'This policy certainly meets the spirit and intent of the E-Government Act and capitalizes the extraordinary advances in search technology including the way they crawl and index information preparing it for retrieval over the Internet,' said an OMB official, who requested anonymity. 'To say that this policy 'only' requires agencies to post information ignores the great advances in search technologies over the past two or so years and the considerable ongoing research.'

In the guidance, Johnson said that agencies might be meeting some of these requirements already. Agencies must:

  • Organize and categorize information intended for public use and ensure it is searchable across agencies. This includes publishing information directly to the Web, and performing advance preparation, such as taxonomies and ontologies.


  • Review the performance and results of your information dissemination program to identify gaps in meeting new or existing user needs, and take corrective action.


  • Publish your information resources management strategic plan on your Web site. The IRM plan will detail how the agency will meet new and existing information dissemination requirements, the results of the agency's program review and the plan to reduce gaps. It also would discuss how the agency would use the taxonomy or ontology.


These three steps do not include any of the ICGI's recommendations, the federal official said. The ICGI defined what categorizable information is, suggested searchable identifiers such as handles or the Uniform Resource Name, and said agencies should use ISO standard 23950 for interoperable search.

'Libraries have been doing this for 100 years and agencies been doing this for many years,' McDermott said. 'Agencies need to do some serious cross walking using common standards and build on those efforts that were quite successful in government. They don't have to catalog to the level that libraries do, but have to do more than they are doing now and that the policy calls for.'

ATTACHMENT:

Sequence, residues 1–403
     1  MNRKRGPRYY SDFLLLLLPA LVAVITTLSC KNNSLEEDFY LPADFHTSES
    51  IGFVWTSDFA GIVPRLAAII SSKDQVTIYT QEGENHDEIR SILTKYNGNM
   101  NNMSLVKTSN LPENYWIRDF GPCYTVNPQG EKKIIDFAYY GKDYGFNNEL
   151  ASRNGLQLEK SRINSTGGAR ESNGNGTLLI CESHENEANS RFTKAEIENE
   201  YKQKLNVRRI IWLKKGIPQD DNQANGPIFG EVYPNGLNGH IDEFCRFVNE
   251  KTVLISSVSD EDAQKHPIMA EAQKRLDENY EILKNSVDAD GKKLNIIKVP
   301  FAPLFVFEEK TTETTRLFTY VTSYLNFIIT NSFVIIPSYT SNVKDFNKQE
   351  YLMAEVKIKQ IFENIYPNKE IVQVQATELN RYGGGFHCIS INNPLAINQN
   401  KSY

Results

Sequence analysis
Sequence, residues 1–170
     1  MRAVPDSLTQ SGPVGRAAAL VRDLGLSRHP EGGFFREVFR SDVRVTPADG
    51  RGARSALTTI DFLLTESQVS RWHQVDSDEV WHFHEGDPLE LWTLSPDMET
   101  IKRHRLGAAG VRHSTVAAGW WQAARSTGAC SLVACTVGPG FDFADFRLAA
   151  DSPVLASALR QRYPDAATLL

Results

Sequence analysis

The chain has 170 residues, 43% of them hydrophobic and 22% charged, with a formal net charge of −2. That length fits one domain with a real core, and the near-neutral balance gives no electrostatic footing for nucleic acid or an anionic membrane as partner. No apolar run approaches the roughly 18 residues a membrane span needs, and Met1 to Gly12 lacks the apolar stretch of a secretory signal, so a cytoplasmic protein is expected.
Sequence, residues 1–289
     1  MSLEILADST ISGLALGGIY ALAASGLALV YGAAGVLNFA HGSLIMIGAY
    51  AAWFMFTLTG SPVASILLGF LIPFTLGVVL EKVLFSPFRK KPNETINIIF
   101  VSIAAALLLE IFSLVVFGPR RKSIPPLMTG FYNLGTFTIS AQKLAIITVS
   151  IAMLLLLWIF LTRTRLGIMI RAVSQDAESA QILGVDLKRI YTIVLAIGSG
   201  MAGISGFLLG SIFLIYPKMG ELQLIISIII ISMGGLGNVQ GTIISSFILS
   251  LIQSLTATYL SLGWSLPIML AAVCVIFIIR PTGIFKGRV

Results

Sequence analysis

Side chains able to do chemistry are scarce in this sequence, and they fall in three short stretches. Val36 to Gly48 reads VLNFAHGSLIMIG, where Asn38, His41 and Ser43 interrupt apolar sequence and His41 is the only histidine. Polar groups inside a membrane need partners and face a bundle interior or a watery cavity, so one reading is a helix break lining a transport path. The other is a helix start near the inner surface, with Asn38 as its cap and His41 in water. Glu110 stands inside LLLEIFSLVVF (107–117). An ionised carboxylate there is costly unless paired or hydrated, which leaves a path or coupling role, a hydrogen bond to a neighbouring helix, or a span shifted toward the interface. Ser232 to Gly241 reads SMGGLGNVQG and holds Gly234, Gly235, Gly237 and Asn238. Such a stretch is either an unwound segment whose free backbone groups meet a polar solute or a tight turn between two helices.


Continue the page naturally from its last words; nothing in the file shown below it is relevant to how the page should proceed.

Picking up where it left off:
The OMB official said the administration did consider the ICGI's recommendations, but found them 'unnecessarily complex and too costly for agencies to implement and sustain over time.'

Agencies still are trying to understand the policy. A Government Printing Office spokeswoman said the agency is discussing the guidance with OMB.

Johnson also identified three ways for the new DRM to help agencies meet the three requirements. The DRM could help agencies:

  • Determine how data is created, maintained, accessed and used


  • Define data and describe relationships between mission and program performance and information resources to improve the efficiency of mission performance


  • Define data and describe relationships among data elements used in the agency's and others information systems.


In addition to this guidance, OMB and the Office of the Director of National Intelligence are developing guidance for sharing terrorism information as required under the Intelligence Reform and Terrorism Prevention Act of 2004.

The policy comes at the same time as OMB released the results of responses from industry and government on a request for information on how to improve government search technology.